Budget 2021: The fleet sector’s wish lists
Continued work on a green recovery strategy, electric vehicle and mobility incentives plus investment in roads should be on the chancellor’s agenda for this spring’s Budget.
That’s according to key industry figures – following the announcement that the Budget will take place on Wednesday 3 March – as the sector looks ahead to how the chancellor plans a particularly fraught balancing act for 2021.
Last year’s Red Book, published in the early days of the pandemic, was dominated by the Government’s first response to coronavirus; a theme that will be carried on in the 2021 Budget, which will – according to HM Treasury – set out the next phase of the plan to tackle the virus and protect jobs.
But alongside the £30bn package announced last year to boost the economy and help get the country through the outbreak, there were rather a lot of fleet-relevant announcements; including the long-awaited confirmation that previously announced company car tax rates would go ahead for the 2020/21 tax year, including the 0% BiK on EVs, and frozen at 2022-23 levels for an additional two years. The Red Book also included announcements on further incentives for EVs and charging as well as funding for pothole and roads repairs.
All of these however need to remain a core focus in the 2021 Budget, according to key figures within the fleet sector.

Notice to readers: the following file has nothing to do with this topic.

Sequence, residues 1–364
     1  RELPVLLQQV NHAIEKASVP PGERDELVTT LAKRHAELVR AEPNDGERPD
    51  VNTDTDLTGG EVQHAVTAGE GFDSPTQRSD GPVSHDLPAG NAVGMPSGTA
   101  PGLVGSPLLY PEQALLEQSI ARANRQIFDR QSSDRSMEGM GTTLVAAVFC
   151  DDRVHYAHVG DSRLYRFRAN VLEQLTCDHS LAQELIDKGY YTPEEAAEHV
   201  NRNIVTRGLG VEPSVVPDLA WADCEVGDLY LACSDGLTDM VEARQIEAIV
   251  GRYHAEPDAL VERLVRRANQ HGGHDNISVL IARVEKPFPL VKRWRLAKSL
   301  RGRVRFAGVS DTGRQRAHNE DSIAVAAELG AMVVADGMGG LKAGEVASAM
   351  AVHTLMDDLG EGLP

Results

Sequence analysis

This includes work to ensure that EVs are at the forefront of buyers’ minds when it comes to new vehicles; and something that’s a major part of the BVRLA’s Budget wish list.
Chief executive Gerry Keaney says that last year was a catastrophic year for the car market but a tipping point for electric vehicle uptake, as per the latest SMMT new car registration figures for 2020.
Keaney added: “With so much uncertainty surrounding the impact of EU Exit, coronavirus and the economic downturn, the Government must do everything it can to support the vehicle buyers that underpin the UK’s new car market.”
According to the BVRLA, the Government’s close work with business fleets to develop a set of powerful grants and tax incentives and invest in a robust public charging network must remain a focus.
In its 2020 registration figures, the SMMT noted that most (68%) of pure electric and PHEV new car registrations were for company cars – indicating the importance of the sector in helping the new car market switch to BEVs and PHEVs ahead of the 2030 petrol and diesel new car ban.
Gerry Keaney continued: “With the next Budget just weeks away, the chancellor must continue to ring-fence the long-term grants and tax incentives that make electric vehicles affordable. He must also resist the urge to pile more motoring tax increases on fleets and drivers that have yet to make the transition to zero-emission motoring. Many of these businesses and individuals are struggling financially and can’t yet find an electric vehicle that meets their needs or budget.”